A remote filename is distinguished from a local filename by the present of the colon (:) symbol in the filename. If you forget the colon symbol, then scp will behave exactly like cp, that is it will just copy files on your current machine instead of transferring files. A remote filename has the following pattern:

    <username>@<hostname>:<filename>              // Syntax
    <username>  // Example from off-campus
    <username>@odin:example_file.txt              // Example from on-campus
    If you are uploading a file TO Odin, the remote filename is the destination file. If you are downloading a file FROM Odin, the remote filename is a source file. Examples:
    scp stuff.txt <username>@odin:stuff.txt  // Upload stuff.txt to Odin
    scp <username>@odin:stuff.txt stuff.txt  // Download stuff.txt from Odin
    While Odin also supports the FTP protocol, we strongly recommend that you do NOT use FTP as it sends your password in plaintext (un-encrypted). Any eavesdroppers between you and Odin can then intercept your username and password, which would allow them to logon to Odin as you. They could even change your password and lock you out of the account. Use an SCP or SFTP program at home instead. Both SCP and SFTP encrypt your connection so eavesdroppers cannot intercept your login credentials.


    The Unix tar (tape archive) utility can archive files in similar fashion to the Winzip utility under Windows. In fact, Winzip understands tar format and can untar a Unix tar file. As a student, you may be asked to email multiple files to your instructor that have been consolidated into a single tarfile. The steps below show you how to use tar.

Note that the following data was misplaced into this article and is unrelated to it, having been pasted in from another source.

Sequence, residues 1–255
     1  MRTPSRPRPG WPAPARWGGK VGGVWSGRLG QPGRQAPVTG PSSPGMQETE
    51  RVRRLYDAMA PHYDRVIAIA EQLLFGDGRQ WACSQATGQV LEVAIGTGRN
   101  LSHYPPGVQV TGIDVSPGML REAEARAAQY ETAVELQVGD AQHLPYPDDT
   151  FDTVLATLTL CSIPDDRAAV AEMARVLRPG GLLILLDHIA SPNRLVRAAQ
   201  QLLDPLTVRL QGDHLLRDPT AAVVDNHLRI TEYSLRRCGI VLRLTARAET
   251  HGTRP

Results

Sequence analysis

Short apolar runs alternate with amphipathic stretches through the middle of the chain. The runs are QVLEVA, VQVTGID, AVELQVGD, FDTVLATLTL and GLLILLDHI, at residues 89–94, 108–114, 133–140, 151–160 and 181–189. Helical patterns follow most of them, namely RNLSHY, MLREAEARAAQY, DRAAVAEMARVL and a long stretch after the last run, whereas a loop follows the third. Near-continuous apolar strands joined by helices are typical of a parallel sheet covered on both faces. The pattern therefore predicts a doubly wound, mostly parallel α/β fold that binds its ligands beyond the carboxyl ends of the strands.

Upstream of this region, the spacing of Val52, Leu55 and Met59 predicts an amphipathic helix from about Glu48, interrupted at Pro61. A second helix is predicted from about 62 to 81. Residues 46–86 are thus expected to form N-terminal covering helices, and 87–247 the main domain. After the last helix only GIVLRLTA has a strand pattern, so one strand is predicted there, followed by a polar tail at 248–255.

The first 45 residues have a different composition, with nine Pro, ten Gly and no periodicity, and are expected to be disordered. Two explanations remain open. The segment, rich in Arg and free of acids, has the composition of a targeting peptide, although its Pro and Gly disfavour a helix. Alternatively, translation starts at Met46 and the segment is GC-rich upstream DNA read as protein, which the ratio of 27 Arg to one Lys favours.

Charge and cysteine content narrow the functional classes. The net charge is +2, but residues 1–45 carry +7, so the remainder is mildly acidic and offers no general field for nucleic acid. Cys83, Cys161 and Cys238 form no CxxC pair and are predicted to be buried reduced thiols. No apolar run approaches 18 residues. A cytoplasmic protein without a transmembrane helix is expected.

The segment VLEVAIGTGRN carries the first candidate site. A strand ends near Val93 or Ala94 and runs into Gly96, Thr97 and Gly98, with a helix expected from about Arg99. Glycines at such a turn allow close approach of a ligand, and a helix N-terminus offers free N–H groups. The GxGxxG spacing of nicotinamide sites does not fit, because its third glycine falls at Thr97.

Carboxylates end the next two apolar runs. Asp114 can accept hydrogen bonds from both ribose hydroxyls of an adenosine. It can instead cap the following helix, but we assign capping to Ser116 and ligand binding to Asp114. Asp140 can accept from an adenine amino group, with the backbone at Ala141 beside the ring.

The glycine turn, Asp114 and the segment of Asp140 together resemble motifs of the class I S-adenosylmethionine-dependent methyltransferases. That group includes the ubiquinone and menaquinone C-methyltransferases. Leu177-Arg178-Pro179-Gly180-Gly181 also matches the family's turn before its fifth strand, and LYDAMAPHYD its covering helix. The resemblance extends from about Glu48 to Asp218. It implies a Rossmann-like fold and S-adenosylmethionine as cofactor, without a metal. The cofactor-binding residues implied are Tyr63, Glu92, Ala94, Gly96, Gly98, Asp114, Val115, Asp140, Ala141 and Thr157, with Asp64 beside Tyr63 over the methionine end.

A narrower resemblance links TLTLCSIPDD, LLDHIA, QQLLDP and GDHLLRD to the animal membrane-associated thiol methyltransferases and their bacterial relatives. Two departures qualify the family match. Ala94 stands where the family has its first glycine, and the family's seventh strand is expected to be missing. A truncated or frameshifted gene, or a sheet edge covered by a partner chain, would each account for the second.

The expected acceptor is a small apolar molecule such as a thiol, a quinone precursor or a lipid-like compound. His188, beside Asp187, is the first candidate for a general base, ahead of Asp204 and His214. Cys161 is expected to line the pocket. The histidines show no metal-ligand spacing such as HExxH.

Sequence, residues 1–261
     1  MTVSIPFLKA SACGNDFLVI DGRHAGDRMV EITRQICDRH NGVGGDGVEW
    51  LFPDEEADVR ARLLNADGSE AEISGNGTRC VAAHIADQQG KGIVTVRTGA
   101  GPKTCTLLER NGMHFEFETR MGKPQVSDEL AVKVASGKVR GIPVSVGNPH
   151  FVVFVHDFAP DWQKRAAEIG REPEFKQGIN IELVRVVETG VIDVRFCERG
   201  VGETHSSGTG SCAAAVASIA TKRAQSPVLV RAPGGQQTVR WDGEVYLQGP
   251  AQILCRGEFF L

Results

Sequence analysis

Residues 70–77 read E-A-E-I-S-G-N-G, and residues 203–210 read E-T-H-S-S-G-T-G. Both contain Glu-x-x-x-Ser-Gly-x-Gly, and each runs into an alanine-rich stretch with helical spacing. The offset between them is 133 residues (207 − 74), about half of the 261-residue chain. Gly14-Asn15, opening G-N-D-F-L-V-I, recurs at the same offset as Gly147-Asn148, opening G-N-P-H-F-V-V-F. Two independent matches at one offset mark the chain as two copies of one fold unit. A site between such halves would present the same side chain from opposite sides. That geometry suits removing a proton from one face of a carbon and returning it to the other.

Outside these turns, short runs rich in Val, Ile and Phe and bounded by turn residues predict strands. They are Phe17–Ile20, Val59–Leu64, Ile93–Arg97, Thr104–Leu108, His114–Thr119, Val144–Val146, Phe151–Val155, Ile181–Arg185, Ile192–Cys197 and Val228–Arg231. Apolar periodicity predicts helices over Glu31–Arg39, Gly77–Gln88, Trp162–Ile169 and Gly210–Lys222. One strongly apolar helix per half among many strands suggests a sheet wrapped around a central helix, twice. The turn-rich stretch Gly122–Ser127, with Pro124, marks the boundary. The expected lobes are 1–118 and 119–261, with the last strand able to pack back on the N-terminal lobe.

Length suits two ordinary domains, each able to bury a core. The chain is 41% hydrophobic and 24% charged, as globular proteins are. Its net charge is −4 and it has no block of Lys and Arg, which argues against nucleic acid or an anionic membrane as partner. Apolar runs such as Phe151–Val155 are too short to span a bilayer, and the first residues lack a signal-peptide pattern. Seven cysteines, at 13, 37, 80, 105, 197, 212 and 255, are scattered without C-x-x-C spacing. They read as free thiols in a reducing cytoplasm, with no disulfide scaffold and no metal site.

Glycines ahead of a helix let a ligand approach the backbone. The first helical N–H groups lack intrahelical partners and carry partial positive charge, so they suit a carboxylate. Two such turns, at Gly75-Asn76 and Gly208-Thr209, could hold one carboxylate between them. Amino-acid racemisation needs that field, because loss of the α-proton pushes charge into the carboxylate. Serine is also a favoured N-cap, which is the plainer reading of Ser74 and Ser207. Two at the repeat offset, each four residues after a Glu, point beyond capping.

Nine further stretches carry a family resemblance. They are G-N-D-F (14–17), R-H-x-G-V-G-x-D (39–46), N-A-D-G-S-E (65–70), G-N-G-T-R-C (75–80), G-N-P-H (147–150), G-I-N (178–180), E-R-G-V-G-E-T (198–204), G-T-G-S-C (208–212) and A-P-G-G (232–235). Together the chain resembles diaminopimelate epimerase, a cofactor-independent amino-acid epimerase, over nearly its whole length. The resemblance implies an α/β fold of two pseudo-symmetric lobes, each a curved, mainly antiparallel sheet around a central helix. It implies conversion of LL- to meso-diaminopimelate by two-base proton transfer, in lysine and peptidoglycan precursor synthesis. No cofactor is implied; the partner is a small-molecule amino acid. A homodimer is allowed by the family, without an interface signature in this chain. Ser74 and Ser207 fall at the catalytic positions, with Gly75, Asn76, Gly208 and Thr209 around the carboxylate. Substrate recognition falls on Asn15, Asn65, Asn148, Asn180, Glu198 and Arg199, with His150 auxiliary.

The two versions of tar typically used are:

    tar cvf stuff.tar *  // tar all files in current directory into stuff.tar
    tar cvf stuff.tar .  // tar all files and subdirs in current directory into stuff.tar
    tar xvf stuff.tar    // untar the files in stuff.tar
    NOTE: Be very careful about the order of arguments in tar. If you type tar cvf * lab5.tar instead of tar cvf lab5.tar * you will corrupt the first file in your directory. You will then need to fix that file, remove the tarfile and start over again.

    How to Use Gzip to Compress Files:
    Since the tar utility does not compress your files (it archives or packs them together for easy manipulation) a compression utility such as gzip (a GNU product) is often used.

    A typical session might go as follows:

    Pack all files including directories into file.tar

    tar cvf file.tar
    Compress file.tar into file.tar.gz
    gzip file.tar
    Uncompress file.tar.gz into file.tar
    gunzip file.tar.gz

    On Odin and other Linux systems, you can also tell tar itself to invoke gzip while it creates or unpacks files by adding the option z to the command (e.g. cvzf instead of cvf):

    tar cvzf stuff.tar *  // tar all files in current directory into stuff.tar
    tar xvzf stuff.tar    // untar the files in stuff.tar

    How to Create a zip File:
    Some instructors prefer a zip file instead of a tarball. Luckily, Odin can also create zip files using a command line utility. The commands to do this are:

    zip lab*   // Create a zip file containing all lab files